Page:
Canned summit photo trying to look like we bagged K2 or something. It was fun and the weather conditions and blowing snow over the top of the peak sure did amplify the rewarding sensations of the quick jaunt up the mountain. We lingered for 5 minutes, failed to sign the register then started to run down because my failure to forget sunglasses left me getting repeatedly stung in the eye with sugary snow.
A subtle bit of calmness out of the wind on our way back down. The hike down was nice and fast. We only saw 2 other people ill equipped to be hiking in the cold and snow. One guy was seriously hiking in warm up pants and leather dress shoes with a 12oz. bottle of water in hand. This West Texas destination is notorious for attracting inexperienced tourists and people who bite off more than they can chew. Guadalupe Peak isn't a technically difficult by any means however the altitude and wind and cold requires some preparation and gear consideration.
Snow filled cavities and pillowing.
This photo marks the start of the 2nd leg of our trip. After making it back to the Landcruiser after bagging Guadalupe Peak we fueled up on more bean burritos and grabbed our packs for our overnight. We were going to be hiking along the opposing ridge into the Guadalupe Mountains along the Tejas Trail. All overnight backpacking requires a permit and there are several designated backcountry sites to choose from. One thing to note for anyone looking to do a trip in the Guads is toting water is mandatory, there aren't any real reliable sources of water and what is present is strongly urged to be left for the animals. Ben and I begrudgingly decided to bring 5 liters of water each for the hike in, cooking, and the hike out.
Only 20-30 minutes into the hike along the Tejas Trail. Sweetness.
Devils Hall as seen from the Tejas Trail. The sun was warm overhead and all layers were dropped. This section of trail has a lot of exposure and no shade relief. It is a slow switchbacking trail up to the 8000+ ft ridge.
Gnarly formation along the Tejas Trail.
More snow along the SW facing portion of trail. It is amazing what a little bit of altitude does to the conditions.
Here is a self glorifying picture of my ugly mug after finishing up the switchbacks that take you up to the ridge. From here we would head NW along the Tejas Trail through beautiful Juniper, Ponderosa, Pine, Maple and Oak country.
The trail we took is a faint scratch in the picture.
The smile on my face was as big as a piece of watermelon while hiking through the woods along the ridge. The warmth of the sun filtered through splashing a myriad of light on the fresh powder. Both Ben and I were wearing lightweight softshell pants and OR Stretch gaiters; both items truly kept us dry and moving without issue. I wore a pair of La Sportiva Crosslites on this trip and found them to be the best lightweight trailrunners for backpacking I've found so far.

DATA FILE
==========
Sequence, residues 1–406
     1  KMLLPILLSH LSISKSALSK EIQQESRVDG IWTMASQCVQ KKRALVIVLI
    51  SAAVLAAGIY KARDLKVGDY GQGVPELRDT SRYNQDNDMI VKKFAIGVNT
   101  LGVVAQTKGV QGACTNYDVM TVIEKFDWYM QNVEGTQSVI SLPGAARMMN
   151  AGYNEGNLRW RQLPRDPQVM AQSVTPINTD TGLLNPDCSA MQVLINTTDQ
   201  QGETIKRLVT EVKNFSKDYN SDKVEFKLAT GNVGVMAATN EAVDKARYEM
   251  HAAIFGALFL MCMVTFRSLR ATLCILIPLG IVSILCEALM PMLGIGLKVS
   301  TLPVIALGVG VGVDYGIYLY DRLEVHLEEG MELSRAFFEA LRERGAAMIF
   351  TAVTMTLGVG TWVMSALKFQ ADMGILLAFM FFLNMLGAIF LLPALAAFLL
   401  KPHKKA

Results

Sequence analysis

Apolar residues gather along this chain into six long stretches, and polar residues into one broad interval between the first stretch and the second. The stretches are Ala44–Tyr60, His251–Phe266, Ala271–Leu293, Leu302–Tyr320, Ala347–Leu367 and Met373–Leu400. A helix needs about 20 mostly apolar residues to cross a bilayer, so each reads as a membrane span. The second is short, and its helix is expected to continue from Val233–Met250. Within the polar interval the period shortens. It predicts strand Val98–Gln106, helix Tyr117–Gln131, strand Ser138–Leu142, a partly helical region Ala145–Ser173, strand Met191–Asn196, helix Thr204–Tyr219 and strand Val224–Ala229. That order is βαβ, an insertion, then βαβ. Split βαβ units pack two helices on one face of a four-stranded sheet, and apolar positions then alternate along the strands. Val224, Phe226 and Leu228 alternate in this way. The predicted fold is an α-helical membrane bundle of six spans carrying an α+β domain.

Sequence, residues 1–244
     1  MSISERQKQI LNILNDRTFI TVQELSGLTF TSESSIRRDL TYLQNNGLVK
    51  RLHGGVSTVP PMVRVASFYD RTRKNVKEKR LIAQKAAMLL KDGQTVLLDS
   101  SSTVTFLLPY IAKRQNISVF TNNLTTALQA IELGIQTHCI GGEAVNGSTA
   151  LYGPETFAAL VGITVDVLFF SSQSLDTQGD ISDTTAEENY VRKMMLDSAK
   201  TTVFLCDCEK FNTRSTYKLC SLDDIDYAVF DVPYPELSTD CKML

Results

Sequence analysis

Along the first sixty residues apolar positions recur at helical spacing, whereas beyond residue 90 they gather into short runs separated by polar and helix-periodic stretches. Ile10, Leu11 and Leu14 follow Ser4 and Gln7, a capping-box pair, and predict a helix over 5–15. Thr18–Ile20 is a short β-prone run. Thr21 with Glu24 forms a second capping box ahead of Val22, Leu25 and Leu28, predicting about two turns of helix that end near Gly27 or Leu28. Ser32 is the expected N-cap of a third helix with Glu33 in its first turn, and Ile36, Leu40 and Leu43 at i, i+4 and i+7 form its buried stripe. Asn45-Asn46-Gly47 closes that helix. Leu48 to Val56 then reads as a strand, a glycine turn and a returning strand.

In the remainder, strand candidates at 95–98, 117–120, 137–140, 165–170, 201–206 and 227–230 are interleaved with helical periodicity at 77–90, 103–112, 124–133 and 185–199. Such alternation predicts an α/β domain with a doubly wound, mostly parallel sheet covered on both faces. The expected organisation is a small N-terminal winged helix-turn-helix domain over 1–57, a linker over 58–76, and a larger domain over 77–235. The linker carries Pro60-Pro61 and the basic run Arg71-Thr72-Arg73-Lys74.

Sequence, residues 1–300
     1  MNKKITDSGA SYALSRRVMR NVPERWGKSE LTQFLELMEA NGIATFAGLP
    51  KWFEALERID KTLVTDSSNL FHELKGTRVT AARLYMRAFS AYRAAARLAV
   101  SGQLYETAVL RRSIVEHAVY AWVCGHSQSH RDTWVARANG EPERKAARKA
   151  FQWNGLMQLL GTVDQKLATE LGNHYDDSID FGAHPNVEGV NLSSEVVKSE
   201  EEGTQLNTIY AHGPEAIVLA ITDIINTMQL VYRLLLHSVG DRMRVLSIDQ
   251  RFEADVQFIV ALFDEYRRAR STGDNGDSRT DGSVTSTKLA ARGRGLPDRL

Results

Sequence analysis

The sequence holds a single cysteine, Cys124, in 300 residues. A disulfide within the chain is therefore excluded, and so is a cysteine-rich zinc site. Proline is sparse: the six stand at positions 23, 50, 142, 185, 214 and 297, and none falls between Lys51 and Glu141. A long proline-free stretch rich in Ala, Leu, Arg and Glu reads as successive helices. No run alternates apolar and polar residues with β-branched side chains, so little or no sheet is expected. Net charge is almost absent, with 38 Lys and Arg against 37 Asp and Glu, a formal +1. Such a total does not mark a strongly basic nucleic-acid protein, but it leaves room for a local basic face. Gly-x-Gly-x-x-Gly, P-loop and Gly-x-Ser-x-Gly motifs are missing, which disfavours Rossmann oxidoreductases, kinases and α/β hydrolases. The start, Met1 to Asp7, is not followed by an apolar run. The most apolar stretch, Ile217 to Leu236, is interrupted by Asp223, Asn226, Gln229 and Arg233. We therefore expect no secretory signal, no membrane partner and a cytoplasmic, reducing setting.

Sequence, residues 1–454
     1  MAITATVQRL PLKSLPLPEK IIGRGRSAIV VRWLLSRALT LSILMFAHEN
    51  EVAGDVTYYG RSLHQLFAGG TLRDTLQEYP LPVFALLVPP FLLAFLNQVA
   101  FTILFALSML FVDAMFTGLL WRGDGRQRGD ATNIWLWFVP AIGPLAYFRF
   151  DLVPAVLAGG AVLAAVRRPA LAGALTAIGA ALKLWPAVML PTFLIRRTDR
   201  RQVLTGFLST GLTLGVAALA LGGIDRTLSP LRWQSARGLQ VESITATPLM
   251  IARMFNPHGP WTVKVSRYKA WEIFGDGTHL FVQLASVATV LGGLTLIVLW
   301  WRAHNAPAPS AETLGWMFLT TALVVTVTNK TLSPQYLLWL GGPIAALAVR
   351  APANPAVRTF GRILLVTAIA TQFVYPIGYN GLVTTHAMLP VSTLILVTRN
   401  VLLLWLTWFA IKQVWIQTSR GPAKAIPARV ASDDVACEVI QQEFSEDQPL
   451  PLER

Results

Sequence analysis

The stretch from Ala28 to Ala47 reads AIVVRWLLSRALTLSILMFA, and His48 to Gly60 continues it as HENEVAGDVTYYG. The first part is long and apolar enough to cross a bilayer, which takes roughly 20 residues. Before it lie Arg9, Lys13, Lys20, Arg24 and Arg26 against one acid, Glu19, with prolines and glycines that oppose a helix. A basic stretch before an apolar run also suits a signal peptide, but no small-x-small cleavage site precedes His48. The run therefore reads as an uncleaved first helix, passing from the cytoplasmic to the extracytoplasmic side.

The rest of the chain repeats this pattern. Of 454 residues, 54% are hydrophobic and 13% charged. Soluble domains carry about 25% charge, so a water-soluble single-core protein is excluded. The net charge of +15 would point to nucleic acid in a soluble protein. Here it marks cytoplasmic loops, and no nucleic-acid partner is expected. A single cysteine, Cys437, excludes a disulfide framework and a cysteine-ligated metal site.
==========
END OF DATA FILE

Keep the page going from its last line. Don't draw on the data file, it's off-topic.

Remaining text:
Contradictions abound when snow is present in the desert.
We arrived pretty quickly to the .3 mile spur off the Tejas Trail that would lead us to our permitted backcountry campsite for the evening. I was very tempted to ignore the designation and find a campsite on a dry and warmer West facing side of trail but we both decided that we should stick to the plan. This sign was slightly humorous though. What campsite?
We quickly found a spot in the snow to pitch my tarp. Ben was a little cold and needed to get something warm in him pretty quickly so out came some of the essentials. Ben brought along his TiGoat Ti-Tri Caldera setup and started a boil for his Mountain House meal. As most of us know, the sodium content is ridiculously high in those meals and Cottonelle wetwipes are insurance against the call of nature :)
We were rewarded with a full moon evening, or near full moon. That phenomenal act of nature paired well with Ben's little luxury item, the tea candle lantern. I was surprised at how welcome that little addition was to our trip; aiding in conversation, tequila drinking, and eating.
Ben emerging from his cocoon. Mountain House salt laden meals, Hersheys Dark, and tequila brought on sleep pretty quick. A few times in the night I wrestled around with my Jacks R Better Hudson River quilt inside my MLD Superlight Bivy. My real issue was that I was sliding in tiny increments through the night on my Z-Lite pad; it was like an orgy of silnylon and I was unfortunately stuck in the middle. Despite the sliding all my sleeping gear worked flawlessly and I was quite toasty. I just wore the gear I hiked in and supplemented my feet with my Montbell Down inner parka, in fact my feet actually got a little warm at one point. I did supplement my legs with a pair of Capilene 3 tights which was perfect for the overnight lows in the teens we experienced. My upper body was adorned with my BPL Beartooth hoody zipped up in ninja mode and I had a super thin silkweight layer underneath that. I topped off my upper with my Marmot Mica shell just to cut any wind from reaching my skin if my bivy failed to keep out drafts.